The state of Oregon canceled our 36th-anniversary camping reservations. Hmpff.

Wanting to thrive, not just survive these disconcerting times, we simply shifted our destination to an undeveloped campsite. We picked a little lake so out of the way that Kyle’s Search and Rescue cohorts have made three rescue trips there in the last six months — perfect for social distancing.

Our proposed campsite was less than 30 miles from home as the crow flies. Although it could be argued that we are a couple of old crows, we still went the long way around, a three-hour drive. We aren’t complaining. We are just happy we survived the trip.

Well aware that loaded log trucks have right-a-way on logging roads, we crept cautiously through Seneca’s forestland. We were on a particularly narrow stretch of road with a long drop-off when our worst fear came barreling around a corner moving too fast to slow down, much less stop. We have no idea how Kyle managed to ease far enough over for the log truck to swoosh by — a mere six inches away — without rolling our truck. We attribute our survival to super-buff guardian angels.

Backtracking a couple of times after missing our way in the logging road maze was to be expected, as was the final road being not much better than a skid trail. While we are grateful for the numerous trees the Search and Rescue volunteers cut out of the road while rescuing people, they clearly weren’t thinking about our full-size crew cab F-350 as they made the cuts. Time after time we both rolled down our windows, hung out our heads, and watched the sides of the truck as we eased through narrow gaps. Now that I think about it, I really should have quit sliding back to the middle of the bench seat to snuggle up against my hubby after every log.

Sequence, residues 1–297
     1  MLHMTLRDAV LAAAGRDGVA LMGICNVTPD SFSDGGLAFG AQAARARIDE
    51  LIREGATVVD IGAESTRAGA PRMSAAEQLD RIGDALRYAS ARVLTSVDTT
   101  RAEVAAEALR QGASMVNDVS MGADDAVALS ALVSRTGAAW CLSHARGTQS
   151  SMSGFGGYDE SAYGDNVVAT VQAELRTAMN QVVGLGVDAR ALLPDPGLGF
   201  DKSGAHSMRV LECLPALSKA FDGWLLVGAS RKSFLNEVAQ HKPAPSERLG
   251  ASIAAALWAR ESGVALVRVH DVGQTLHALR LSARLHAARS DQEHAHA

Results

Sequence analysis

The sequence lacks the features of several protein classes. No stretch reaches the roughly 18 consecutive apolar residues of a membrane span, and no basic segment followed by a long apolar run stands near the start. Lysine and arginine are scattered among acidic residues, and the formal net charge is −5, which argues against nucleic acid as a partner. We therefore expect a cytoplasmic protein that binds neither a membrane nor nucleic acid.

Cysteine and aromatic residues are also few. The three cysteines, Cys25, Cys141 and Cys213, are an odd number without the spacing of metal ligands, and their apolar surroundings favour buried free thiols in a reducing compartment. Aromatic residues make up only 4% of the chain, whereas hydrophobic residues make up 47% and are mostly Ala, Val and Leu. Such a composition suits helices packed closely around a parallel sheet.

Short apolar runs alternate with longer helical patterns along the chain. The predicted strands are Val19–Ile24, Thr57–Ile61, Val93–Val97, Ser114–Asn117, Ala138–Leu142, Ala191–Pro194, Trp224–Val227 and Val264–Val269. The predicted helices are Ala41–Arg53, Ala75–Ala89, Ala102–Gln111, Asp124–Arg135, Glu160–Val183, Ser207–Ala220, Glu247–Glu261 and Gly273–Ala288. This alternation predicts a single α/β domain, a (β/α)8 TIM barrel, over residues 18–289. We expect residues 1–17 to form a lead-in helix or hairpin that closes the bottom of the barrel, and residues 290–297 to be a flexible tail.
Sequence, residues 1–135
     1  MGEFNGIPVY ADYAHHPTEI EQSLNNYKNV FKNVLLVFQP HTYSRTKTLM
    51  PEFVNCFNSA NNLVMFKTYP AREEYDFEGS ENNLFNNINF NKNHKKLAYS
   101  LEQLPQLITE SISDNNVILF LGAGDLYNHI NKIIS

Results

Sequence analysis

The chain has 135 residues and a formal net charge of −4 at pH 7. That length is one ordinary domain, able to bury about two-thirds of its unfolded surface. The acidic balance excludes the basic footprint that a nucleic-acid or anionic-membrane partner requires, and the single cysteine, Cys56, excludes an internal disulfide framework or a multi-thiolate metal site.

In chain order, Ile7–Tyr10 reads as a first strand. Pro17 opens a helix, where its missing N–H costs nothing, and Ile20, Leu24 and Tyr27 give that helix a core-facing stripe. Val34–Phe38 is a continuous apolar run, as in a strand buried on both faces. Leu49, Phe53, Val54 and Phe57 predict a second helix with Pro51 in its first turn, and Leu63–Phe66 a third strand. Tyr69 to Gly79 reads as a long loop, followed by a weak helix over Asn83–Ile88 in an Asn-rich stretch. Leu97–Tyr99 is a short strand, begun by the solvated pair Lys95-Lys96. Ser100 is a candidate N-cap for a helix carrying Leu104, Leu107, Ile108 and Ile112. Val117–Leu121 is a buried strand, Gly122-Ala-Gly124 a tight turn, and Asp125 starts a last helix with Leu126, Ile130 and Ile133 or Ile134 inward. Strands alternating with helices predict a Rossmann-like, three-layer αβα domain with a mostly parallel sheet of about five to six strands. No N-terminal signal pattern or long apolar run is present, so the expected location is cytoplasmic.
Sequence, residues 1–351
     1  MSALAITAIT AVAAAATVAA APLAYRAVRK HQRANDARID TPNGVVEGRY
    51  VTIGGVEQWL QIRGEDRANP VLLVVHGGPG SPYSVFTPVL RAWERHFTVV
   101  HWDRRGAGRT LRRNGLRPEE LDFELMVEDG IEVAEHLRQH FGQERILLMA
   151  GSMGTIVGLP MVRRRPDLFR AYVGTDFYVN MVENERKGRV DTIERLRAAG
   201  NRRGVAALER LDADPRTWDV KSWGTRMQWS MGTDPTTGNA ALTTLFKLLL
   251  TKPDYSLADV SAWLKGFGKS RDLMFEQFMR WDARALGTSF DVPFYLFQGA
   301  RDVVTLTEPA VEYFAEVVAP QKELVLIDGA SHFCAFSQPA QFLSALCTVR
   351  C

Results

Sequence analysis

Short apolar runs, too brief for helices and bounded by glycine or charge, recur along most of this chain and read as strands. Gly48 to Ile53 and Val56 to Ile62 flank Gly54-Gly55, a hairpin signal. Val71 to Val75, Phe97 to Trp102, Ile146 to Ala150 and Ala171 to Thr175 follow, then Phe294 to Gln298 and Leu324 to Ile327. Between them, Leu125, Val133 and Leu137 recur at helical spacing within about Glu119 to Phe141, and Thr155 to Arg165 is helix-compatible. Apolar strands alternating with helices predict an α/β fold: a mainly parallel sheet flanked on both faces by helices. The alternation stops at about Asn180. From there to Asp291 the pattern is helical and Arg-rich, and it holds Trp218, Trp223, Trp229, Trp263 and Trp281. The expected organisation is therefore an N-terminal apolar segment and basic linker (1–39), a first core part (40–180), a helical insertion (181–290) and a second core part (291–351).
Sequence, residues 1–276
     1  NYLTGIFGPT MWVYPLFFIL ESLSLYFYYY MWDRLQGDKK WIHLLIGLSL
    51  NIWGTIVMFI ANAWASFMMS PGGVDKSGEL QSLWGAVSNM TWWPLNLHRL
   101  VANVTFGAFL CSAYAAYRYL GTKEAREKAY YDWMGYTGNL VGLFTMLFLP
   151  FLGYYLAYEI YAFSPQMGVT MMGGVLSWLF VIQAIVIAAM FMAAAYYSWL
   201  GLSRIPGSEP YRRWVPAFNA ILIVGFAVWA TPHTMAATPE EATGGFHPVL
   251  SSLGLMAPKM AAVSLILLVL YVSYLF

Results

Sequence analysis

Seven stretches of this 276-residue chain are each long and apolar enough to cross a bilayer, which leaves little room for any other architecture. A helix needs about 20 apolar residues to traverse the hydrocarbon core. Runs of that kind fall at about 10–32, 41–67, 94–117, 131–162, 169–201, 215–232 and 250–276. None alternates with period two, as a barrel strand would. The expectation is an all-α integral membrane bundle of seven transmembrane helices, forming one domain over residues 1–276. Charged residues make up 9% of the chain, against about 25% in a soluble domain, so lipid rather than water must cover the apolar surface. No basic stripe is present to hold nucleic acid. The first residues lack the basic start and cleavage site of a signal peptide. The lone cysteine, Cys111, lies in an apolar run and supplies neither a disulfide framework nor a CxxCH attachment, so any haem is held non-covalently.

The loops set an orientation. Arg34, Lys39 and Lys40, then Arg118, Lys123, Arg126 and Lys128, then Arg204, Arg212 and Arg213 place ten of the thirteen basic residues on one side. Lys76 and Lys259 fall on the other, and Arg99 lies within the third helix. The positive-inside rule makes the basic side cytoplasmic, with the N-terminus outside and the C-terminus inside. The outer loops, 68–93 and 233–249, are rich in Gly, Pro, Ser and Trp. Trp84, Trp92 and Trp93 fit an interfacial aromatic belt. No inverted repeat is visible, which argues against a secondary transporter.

Naturally, on such a road there was no bridge for the final creek crossing. I was torn between watching the pretty little waterfall upstream or focusing on whether our camping plans would survive the deepening water. I half expected Samson, our truck, to shake himself like a dog after he clambered out the other side.